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Counsellor launches book

A CARMARTHENSHIRE therapist has launched her first book to offer extensive help to those counselling children and young people.
Lorraine Sherman from Hebron near Whitland has written her first book, called Skills in Counselling and Psychotherapy with Children and Young People, which she launched at Coleg Sir Gâr’s Ammanford campus where she lecturers in counselling.
With 30 years of experience as a humanistic psychologist, supervisor, therapist and relationship counsellor, Lorraine never expected to become an author: “I never thought writing a book would be part of my life,” she said. “I knew I had the information in me but putting it down on paper and in book format is something completely new to me.”
The book, which took three years to complete, has already received five-star reviews on Amazon and describes the book as a ‘comprehensive essential text for any counsellor or psychotherapist working with children and young people’.
Mrs Sherman is the clinical supervisor of all secondary school-based counsellors across Carmarthenshire as well other counties including Ceredigion, Pembrokeshire and Neath Port Talbot. She also teaches accredited BACP courses at Coleg Sir Gâr and Trinity Saint David, some of which she has written herself.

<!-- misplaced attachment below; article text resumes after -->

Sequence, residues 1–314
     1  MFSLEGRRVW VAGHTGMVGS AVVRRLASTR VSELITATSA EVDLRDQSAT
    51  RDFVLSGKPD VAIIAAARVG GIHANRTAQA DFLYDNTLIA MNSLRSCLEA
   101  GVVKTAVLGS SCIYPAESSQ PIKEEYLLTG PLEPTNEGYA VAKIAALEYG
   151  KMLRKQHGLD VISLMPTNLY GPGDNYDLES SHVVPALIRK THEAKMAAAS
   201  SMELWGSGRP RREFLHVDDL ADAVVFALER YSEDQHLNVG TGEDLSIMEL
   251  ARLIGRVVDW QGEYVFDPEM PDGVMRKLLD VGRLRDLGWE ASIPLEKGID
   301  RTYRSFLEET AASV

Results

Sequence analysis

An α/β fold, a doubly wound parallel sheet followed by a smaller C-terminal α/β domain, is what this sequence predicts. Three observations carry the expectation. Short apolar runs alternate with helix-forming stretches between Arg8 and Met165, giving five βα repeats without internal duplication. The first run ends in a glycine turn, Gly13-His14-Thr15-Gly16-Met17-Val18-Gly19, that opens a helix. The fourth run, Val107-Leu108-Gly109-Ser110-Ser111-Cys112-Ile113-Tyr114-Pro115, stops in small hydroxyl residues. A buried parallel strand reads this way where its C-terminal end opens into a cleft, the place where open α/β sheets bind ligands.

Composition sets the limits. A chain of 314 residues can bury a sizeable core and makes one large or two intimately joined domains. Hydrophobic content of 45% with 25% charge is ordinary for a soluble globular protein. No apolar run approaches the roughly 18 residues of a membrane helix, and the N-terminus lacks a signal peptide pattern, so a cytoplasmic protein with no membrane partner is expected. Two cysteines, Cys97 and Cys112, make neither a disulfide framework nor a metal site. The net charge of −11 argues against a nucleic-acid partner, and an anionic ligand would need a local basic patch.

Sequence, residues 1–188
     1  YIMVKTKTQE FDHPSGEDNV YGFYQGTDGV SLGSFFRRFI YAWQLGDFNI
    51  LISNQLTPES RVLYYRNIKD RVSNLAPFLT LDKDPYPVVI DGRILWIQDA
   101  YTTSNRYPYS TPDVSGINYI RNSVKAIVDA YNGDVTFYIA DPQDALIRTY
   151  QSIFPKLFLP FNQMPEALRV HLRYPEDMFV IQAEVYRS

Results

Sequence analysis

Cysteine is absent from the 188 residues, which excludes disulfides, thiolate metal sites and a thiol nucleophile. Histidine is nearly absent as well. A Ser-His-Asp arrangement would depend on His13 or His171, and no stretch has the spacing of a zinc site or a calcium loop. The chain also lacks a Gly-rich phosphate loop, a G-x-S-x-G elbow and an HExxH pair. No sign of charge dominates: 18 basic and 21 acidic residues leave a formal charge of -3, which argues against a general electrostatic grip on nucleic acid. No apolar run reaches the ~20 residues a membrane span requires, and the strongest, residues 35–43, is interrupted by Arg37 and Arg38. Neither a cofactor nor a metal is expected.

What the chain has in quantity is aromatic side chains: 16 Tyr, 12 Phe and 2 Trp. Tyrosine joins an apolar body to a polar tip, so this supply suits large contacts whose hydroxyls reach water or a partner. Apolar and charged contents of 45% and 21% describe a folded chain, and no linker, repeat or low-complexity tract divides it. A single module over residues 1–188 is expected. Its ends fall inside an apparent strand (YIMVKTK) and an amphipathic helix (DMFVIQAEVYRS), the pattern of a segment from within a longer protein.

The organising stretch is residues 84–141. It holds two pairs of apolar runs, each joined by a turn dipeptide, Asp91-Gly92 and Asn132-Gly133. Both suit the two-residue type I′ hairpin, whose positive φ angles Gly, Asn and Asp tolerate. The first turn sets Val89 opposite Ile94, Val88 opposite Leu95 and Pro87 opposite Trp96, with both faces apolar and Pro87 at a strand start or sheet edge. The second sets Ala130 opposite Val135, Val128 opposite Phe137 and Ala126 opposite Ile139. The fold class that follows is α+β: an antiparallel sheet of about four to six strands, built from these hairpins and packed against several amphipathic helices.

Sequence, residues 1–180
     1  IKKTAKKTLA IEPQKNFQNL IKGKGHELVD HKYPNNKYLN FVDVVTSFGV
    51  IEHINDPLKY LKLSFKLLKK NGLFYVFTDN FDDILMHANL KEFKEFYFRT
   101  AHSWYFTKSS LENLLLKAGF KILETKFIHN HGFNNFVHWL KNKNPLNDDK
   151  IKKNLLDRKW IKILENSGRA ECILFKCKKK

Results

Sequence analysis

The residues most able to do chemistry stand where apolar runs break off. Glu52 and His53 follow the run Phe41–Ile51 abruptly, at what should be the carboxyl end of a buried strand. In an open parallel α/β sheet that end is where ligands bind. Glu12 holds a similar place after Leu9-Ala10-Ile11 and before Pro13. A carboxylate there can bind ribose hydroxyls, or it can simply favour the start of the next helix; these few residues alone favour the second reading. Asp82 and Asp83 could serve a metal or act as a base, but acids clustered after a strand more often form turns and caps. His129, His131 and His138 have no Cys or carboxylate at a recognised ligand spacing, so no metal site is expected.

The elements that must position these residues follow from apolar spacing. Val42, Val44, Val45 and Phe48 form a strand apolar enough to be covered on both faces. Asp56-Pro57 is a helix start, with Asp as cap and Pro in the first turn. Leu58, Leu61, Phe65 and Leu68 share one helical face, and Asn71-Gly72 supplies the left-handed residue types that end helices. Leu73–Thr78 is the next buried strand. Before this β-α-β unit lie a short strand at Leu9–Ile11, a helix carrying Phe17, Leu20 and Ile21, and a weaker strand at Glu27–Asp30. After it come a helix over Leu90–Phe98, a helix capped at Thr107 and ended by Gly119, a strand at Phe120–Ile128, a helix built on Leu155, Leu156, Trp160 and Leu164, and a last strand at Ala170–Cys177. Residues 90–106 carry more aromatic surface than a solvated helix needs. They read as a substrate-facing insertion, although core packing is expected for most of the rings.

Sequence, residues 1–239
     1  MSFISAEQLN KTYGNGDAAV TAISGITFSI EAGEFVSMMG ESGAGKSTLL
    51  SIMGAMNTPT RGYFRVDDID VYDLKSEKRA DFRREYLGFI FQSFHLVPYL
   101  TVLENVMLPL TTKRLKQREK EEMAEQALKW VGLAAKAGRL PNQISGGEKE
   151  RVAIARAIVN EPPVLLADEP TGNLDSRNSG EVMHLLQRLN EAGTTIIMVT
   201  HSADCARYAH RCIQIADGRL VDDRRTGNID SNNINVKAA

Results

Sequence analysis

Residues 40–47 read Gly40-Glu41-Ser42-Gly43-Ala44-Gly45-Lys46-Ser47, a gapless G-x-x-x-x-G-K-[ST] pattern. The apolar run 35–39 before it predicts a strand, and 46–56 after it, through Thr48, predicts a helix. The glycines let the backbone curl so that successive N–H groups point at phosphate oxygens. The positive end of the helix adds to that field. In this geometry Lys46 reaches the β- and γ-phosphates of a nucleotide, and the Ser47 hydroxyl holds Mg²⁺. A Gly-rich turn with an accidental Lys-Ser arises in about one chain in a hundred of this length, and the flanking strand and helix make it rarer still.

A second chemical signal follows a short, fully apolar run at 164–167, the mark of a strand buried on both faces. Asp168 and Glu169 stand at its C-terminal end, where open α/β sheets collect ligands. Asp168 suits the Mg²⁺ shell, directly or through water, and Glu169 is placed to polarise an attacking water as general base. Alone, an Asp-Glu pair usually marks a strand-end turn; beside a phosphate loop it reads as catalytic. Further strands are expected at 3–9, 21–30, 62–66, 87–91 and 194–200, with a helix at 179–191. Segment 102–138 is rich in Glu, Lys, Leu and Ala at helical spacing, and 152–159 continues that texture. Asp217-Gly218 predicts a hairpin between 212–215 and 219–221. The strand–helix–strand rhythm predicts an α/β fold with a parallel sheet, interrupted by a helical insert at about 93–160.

Her book covers important aspects of counselling including confidentiality and disclosure, legal issues and how to relate to younger people. It also includes a chapter on how to use play to help children express themselves, which was developed with two other counsellors. It also covers counselling techniques such as cognitive behavioural therapy, psychodynamic and person centred and humanistic approaches.
Explaining that counselling young people is different to counselling adults, Mrs Sherman said: “There’s a whole chapter on legal frameworks regarding counselling children, who don’t fully understand their own actions as adults might. I’ve worked in this area since I was 16 when I started as a playleader and a youth worker but issues in counselling do change with society so we have to adapt to dealing with issues such as online bullying and we also work closely with other professionals including child protection officers, teachers and social workers.”
At the launch, the author acknowledged the work of the late Peter Clarke, whose work as the first Children’s Commissioner for Wales paved the way for a universal counselling service in Wales, entitling children and young people aged 11-18 to access a counsellor in all secondary schools.